Fluorescent Probes for Monitoring Serine Ubiquitination by Bacterial Enzymes

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Purdue University researchers have developed a fluorometric assay for real-time monitoring of ubiquitination events catalyzed by bacterial SidE enzymes in Legionella infections. The assay is well suited for high-throughput identification of Legionella infection inhibitors. The enzymes of the Legionella SidE family catalyze host protein ubiquitination events via a recently discovered mechanism distinct from ubiquitination by eukaryotic enzymes and are required for optimal Legionella infection. Contemporary methods to investigate the ubiquitination activity of SidEs include mass spectrometry and SDS-PAGE gel shift assays. These current techniques are not continuous, only measuring the end point of the reaction, and are not amenable to high throughput formats. Purdue researchers synthesized a fluorescently labelled synthetic substrate peptide for SdeA, a member of the SidE family, that displays a change in fluorescence polarization when ubiquitinated by the enzyme. This technology is amendable to high throughput screening and will assist in discovery of inhibitors for Legionella infection as well as identifying and characterizing SidE-like enzymes in other bacterial species.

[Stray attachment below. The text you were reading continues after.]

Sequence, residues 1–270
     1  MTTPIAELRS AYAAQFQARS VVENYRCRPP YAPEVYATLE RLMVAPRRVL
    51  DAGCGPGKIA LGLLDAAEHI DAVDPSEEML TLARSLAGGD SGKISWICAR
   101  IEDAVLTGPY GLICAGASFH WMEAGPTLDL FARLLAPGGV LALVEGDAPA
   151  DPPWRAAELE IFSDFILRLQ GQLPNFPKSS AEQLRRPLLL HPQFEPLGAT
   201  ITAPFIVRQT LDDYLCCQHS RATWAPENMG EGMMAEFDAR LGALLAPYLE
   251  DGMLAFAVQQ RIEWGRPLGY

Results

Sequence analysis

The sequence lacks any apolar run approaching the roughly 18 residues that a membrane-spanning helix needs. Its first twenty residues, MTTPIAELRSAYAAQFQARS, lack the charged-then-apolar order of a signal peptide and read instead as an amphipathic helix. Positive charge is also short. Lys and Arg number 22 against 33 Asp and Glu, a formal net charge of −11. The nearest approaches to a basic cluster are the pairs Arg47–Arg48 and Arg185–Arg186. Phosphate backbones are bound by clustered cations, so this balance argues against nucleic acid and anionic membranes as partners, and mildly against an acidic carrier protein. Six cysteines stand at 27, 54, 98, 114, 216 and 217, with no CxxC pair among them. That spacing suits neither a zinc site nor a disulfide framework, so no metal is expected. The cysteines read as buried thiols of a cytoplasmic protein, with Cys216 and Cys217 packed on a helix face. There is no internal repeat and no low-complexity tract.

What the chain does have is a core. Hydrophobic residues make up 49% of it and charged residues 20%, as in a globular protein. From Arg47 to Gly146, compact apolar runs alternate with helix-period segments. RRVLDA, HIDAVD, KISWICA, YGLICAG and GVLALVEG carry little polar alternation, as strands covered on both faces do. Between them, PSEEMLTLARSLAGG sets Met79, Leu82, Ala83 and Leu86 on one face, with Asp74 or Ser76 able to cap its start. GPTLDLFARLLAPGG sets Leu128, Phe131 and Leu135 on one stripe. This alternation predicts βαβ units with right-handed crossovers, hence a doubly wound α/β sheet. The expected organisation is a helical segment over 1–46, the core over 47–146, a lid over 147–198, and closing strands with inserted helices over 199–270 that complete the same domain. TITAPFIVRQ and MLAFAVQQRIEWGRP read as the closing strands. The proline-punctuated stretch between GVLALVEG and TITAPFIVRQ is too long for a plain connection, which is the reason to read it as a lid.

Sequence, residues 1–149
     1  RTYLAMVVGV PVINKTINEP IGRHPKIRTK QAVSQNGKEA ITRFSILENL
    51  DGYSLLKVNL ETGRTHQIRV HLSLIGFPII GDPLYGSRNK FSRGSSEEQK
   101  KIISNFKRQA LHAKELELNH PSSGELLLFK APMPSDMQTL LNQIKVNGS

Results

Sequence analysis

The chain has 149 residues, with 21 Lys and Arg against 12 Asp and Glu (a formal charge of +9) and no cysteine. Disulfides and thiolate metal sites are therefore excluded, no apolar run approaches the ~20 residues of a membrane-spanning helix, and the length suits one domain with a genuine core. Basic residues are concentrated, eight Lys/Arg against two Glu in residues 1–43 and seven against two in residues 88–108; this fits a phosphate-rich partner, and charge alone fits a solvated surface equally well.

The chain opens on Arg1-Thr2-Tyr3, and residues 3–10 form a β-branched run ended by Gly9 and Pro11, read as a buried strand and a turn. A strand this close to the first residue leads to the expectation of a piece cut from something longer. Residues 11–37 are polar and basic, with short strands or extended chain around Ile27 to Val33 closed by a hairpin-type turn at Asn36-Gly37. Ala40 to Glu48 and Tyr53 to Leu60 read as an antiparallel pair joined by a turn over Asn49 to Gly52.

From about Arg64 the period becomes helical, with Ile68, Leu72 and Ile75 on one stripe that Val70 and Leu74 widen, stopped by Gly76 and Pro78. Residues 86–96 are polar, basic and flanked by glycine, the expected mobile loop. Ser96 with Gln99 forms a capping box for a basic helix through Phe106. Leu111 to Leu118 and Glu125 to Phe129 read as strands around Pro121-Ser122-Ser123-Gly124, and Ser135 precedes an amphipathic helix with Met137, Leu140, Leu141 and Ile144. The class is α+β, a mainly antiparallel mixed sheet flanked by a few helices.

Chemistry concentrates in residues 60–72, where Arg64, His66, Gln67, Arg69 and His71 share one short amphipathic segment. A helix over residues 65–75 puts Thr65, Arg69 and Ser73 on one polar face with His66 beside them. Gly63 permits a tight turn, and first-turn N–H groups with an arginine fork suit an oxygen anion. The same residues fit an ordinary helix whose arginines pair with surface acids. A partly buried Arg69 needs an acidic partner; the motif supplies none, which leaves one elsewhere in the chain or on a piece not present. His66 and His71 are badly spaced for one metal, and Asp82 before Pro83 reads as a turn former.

-Real-Time SidE Ubiquitination Analysis
-Amenable to High Throughput Screening

Potential Applications:
-Legionella Research
-Investigating Ubiquitination Events
-Fluorescence Polarization

Related Publication:

Fluorescent Probes for Monitoring Serine Ubiquitination
Biochemistry 2020, 59, 13, 1309–1313
Jun 18, 2021
Utility-Gov. Funding
United States

Jun 18, 2020
Provisional-Gov. Funding
United States
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